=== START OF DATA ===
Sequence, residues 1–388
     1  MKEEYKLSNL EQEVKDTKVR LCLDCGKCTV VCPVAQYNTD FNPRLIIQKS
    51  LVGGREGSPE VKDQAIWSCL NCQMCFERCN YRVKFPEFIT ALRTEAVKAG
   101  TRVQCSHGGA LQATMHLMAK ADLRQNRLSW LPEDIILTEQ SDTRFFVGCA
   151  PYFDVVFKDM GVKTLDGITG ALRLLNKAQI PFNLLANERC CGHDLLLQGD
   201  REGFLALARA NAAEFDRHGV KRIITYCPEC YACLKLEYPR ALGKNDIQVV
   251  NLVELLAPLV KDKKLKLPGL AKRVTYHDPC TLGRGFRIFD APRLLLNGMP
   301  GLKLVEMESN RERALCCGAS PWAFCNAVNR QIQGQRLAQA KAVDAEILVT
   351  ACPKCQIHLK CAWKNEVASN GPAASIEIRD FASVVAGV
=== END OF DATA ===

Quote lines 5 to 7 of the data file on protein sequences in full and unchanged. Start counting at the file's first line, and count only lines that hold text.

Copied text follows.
   151  PYFDVVFKDM GVKTLDGITG ALRLLNKAQI PFNLLANERC CGHDLLLQGD
   201  REGFLALARA NAAEFDRHGV KRIITYCPEC YACLKLEYPR ALGKNDIQVV
   251  NLVELLAPLV KDKKLKLPGL AKRVTYHDPC TLGRGFRIFD APRLLLNGMP